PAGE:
Before you start searching for healthy snack ideas, answer the following question.

What is a healthy snack?  Is it primarily defined by:

  1. The presence of “good” nutrients?
  2. The absence of “bad” nutrients?

If my experiences and observations are anything to go on, most parents would (rightfully) say the answer is A, but act as if the answer is B.  How else can we account for the frequency with which Goldfish Crackers, Cheez-Its, Animal Crackers, baked chips and Booty show up in the snacking lineup?

I think of these items as “Do No Harm” Snacking.  Parents buy these snack foods because they seem to stack up pretty well against potato chips because they have less fat—a pretty low standard if you ask me.  But let’s be honest: these snack foods don’t add any nutritional value to your kids’ diets.

The quality of your kids’ snacking matters a lot.  Research shows that kids now get 27% of their daily calories from snacks, and they’re not the good kind.  Desserts and sweetened beverages top the list of snacks.

Read The Snack Attack and  Snacking and the Nutrition Zone Mentality.

If kids had stellar diets, “Do No Harm” Snacking would be no big deal.

I’m a big proponent of the idea that there’s a place in the diet for everything—the good, the bad, and yes, even the ugly.  I don’t think that every bite has to pack a nutritional punch.

But “Do No Harm” snacking actually does some harm because of the way it influences habits.

“Do No Harm” Snacking drives kids’ taste buds away from fruits and vegetables and towards junk.

Take crackers for instance.  Regular cracker-eating teaches kids that snacks are salty, crunchy things. (Good luck getting them to snack on an apple after that!)

But regular cracker-eating also influences how your kids eat throughout the day.  Research shows that the more frequently your kids eat foods that are high in sugar, salt and/or fat—basically everything in the snack food aisle of the grocery store—the less likely they will be to eat and enjoy fresh, natural foods.   Maybe that’s why kids like French fries way more than they like broccoli.

Don’t believe me? Check this out: Goldfish Crackers have more sodium than Cape Cod Kettle Cooked Potato Chips.

And just a tad fewer grams of fat.

  • Fat in Godfish Crackers: 5g
  • Fat in Cape Cod Chips: 8g

Of course the comparisons come out a little differently with other crackers and chips, but I’m sure you get my point. If not, read Polly Want a Cracker?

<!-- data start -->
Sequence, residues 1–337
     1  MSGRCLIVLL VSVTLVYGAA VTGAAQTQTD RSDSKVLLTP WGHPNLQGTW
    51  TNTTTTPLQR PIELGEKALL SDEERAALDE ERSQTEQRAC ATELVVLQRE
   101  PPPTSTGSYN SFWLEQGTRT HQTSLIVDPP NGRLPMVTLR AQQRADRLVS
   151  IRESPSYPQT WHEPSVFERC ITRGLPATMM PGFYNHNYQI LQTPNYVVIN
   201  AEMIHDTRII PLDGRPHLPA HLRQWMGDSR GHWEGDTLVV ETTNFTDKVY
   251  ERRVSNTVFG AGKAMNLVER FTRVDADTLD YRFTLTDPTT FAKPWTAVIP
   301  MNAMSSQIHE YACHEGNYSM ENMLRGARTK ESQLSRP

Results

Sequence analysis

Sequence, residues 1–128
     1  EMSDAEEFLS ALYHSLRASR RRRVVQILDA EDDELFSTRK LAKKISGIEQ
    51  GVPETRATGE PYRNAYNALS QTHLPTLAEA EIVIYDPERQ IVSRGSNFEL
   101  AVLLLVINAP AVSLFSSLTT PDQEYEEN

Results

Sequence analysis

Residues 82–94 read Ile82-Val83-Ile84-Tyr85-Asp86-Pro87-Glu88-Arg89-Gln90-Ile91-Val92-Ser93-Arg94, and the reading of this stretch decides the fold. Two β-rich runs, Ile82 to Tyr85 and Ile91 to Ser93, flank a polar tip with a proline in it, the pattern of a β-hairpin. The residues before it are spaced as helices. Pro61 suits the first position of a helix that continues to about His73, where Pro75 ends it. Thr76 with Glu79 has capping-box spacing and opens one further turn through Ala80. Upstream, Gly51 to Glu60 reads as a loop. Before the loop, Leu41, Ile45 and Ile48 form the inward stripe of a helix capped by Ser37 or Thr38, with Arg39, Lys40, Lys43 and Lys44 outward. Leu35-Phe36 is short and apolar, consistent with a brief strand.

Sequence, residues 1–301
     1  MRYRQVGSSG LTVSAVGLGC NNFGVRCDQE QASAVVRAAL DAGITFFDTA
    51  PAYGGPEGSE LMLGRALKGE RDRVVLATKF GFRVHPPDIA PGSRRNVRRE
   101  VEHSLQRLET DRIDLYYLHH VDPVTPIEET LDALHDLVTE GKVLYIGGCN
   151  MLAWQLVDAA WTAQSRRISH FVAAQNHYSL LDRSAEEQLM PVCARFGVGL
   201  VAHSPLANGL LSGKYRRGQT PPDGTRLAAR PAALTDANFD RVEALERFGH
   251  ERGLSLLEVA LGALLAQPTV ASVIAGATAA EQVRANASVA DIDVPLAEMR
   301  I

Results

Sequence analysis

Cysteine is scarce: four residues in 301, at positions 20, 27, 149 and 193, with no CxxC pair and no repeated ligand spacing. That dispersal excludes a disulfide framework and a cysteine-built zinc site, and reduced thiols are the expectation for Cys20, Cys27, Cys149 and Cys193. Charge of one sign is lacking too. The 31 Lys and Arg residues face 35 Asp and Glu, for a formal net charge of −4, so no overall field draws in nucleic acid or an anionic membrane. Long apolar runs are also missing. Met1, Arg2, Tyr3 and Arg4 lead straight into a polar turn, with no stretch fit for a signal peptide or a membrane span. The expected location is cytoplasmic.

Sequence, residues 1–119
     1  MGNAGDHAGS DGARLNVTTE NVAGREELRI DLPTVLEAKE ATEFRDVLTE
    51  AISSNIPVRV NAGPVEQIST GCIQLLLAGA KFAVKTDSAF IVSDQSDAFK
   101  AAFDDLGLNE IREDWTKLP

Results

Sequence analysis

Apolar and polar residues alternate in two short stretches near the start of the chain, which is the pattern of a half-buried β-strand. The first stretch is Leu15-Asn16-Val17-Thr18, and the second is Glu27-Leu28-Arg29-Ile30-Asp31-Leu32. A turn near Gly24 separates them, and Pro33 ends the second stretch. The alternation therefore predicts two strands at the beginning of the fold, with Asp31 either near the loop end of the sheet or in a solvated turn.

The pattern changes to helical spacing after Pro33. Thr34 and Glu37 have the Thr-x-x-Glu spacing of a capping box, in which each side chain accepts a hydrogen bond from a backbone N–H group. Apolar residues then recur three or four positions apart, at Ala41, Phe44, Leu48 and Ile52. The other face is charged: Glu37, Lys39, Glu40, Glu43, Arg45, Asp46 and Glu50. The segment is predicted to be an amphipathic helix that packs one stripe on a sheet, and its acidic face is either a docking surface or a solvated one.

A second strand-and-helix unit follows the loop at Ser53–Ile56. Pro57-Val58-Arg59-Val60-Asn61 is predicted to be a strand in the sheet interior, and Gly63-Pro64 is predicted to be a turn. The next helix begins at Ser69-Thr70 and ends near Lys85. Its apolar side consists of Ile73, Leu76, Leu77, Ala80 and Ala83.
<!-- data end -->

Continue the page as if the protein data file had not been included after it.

What’s the take away? Use snacks wisely.

Instead of searching for the most nutritious snack, think about using snacks to shape your kids’ eating habits.  Develop a snacking plan.

If your children eat 2 snacks per day, we’re talking 14 snack attacks per week.  Use these times to teach your kids about proportion—eating foods in ratio to their healthful benefits.  Because proportion is one of the 3 principles that translates nutrition into behavior (variety and moderation are the other two), it’s one of the most important things you can teach your kids about eating.

Here’s how to put the principle of proportion to work with regard to snacking:

  • Decide on a number of times during the week (I suggest 2-3) when snacks come from the “Do No Harm” agenda.  You know, the snack food aisle.
  • Decide on a number of times during the week (I suggest 1-2) when snacks come from the junk food aisle.
  • Allocate everything else for fruits and vegetables.

If that seems like a lot of fruits and vegetables, it’s not. You’ve just been well-trained by the food industry. Fight the power. It’s circular logic, but the more fruits and vegetables  you serve, the more fruits and vegetables your kids will eat.  It’s all about their habits.

~Changing the conversation from nutrition to habits.~

For more information on snacking check out the Better School Food Healthy Snack List.


Source: Sources: Health Affairs. 2010. “Food Marketing and Distribution’s Role in the Fight Against Childhood Obesity.” Child Obesity Policy Brief. Accessed May, 2010; Cornwell, T. B. and A. R. McAlister. 2011. “Alternative Thinking About Starting Points in Obesity. Development of Child Taste Preferences.” Appetite 56: 428-39.